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Ubuntu Green Farm To Fork & Food Equity

August 27, 2013


Mayor Kevin Johnson

915 I Street, 5th Floor

Mail Code 09100

Sacramento, California 95814


RE: Farm-to-Fork & Food Equity

Dear Honorable Mayor Johnson & Mr. Hammond:

I am writing on behalf of Ubuntu Green—a 501(c)3 nonprofit organization committed to promoting healthy, sustainable, and equitable communities through advocacy, education, community development and empowerment—to express our opinions and concerns relating to the City of Sacramento and the Convention and Visitors Bureaus efforts to brand Sacramento the “Farm-to-Fork” Capital of America. While we are very excited about Farm-to-Fork’s promotion of locally grown food, we are concerned that this initiative is missing an amazing opportunity to help address food access and insecurity in our community.

Through our Home & Community Garden Program, Ubuntu Green has provided over 120 edible gardens to low-income families living in food deserts, and built maintains a community garden located in Oak Park. Further, we assisted with the advocacy effort that led to the passage Sacramento’s Community Garden Ordinance, which allows vacant land to be used for gardens with the consent of the owner. We also continue to advocate for urban agriculture policies that make it easier for residents to grow and sale food. Ubuntu Green is a founding and steering committee member of the Sacramento Regional Food Systems Collaborative, served on the Sacramento Unified School Districts Superintendents Healthy Foods Task Force, and remains an ardent defender of environmental and food justice.

We praise Farm-to-Fork’s work to bring together the City of Sacramento, the Sacramento Convention & Visitors Bureau, local restaurant owners, local farms and community members for the upcoming Sacramento Farm-to-Fork Restaurant Week and Festival to celebrate local food. This initiative has been a great opportunity to showcase Sacramento’s local agriculture as it relates to creating a sustainable and healthy community, and we are excited to participate however we can.

However, we are troubled by the lack of discussion pertaining to food equity issues. We are also greatly concerned with the lack of attention given to addressing hunger insecurity in the region and creating healthy foods access for all people. We believe that this lack of attentions is a missed opportunity to foster creative and collaborative solutions to problems that face a growing number of Sacramento residents.

According to “Hunger Hits Home 2012: Understanding and Combating Hunger in Sacramento County,” over 80,000 people living in Sacramento (17.7% of the population) are food insecure. In Sacramento County, that number was over 218,000. Of these, 64% spent bought most of their food from a supermarket, 24% from a discount store, and only 1% from a farmers’ market. For this group, clearly, Farm-to-Fork is not a reality, but hunger is. Of the respondents to this survey, 17% live two-or-more miles from a grocery store, in what may be considered healthy food deserts. This includes neighborhoods like Oak Park, Del Paso Heights, and much of South and North Sacramento.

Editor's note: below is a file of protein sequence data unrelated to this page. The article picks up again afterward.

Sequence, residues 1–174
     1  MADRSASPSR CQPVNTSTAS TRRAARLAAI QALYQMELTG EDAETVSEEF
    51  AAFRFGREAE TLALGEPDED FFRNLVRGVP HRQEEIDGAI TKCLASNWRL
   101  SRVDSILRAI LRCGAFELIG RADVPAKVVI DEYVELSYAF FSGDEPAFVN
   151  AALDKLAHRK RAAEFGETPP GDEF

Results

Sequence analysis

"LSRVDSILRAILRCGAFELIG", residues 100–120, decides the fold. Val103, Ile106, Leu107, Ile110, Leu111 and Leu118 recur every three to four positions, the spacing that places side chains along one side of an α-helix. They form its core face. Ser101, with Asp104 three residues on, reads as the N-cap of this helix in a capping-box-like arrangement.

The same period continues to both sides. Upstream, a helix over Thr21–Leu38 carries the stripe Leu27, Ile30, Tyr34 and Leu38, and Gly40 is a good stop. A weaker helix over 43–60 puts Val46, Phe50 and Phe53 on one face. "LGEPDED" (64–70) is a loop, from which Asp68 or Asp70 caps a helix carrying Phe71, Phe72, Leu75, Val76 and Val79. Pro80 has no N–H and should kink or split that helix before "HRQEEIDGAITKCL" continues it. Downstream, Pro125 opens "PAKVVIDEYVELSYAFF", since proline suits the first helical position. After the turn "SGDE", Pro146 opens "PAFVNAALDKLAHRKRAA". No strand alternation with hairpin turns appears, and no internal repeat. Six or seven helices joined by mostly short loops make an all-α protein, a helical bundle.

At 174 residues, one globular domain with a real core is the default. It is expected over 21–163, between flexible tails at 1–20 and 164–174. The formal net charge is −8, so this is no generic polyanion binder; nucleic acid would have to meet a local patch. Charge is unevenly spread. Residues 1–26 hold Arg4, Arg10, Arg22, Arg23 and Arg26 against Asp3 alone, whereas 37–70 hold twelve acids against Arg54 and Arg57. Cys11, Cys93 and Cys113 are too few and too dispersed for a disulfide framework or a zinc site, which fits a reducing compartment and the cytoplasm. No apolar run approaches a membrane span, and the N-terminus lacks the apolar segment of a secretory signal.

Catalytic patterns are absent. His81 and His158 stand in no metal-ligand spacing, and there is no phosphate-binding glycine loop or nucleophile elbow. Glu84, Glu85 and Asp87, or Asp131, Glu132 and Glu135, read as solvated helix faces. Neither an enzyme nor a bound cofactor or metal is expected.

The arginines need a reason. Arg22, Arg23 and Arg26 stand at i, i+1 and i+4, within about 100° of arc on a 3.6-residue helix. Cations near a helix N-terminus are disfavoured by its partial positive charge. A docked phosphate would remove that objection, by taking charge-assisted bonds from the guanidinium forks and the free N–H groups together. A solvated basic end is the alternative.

We urge the Farm-to-Fork movement to work with us and other food justice advocates to publicize and remedy this problem by supporting making Farm-to-Fork a reality in low-income communities and communities of color, with limited food access.

Farm-to-Fork should not just be an endeavor that focuses on our restaurants and cuisine, but should also work to address the growing issue of food insecurity in our community by promoting urban agriculture, food access, food literacy, and the economic conditions that create food deserts. We would like to see Farm-to-Fork highlight the lack of access to healthy, locally grown food that many Sacramento residents face, and to dedicate the same amount of energy currently spent supporting local restaurants that serve locally grown food to promoting solutions that will provide food to those most in need.

Farm-to-Fork’s work can help address food access through any of the following actions:


  • holding events in food deserts to promote home gardens, local urban agriculture, and the need for more healthy food outlets;

  • expanding the number of farmers markets in food desserts and assisting with their promotion;

  • using some of the proceeds from Farm-to-Fork events to sponsor farmers markets, farm stands and community or home gardens for neighborhoods whose residents might otherwise struggle with healthy food access; and,

  • supporting organizations that encourage local convenient stores to carry more healthy food by providing grants and retrofits; and much more.

Expanding access to healthy food by supporting the production of healthy foods inside of these communities by the members of these communities is the best way to support local, sustainable food production, and the self-sufficiency of residents.

We would appreciate an opportunity to partner with you to make Farm-to-Fork a catalyst for change in all of our communities through providing fresh, locally grown foods to the residents that need them the most. Please feel free to contact me at (916) 669-0671 or via email at, if you have any questions or concerns.


Charles L. Mason, Jr.

President & CEO

Ubuntu Green


cc: Alchemist CDC; Office of Congresswoman Doris Matsui; Councilman Allen Warren; Councilman Jay Schenirer; Patrick Mulvaney; Sacramento Region Food Systems Collaborative; Sacramento Food Bank and Family Services.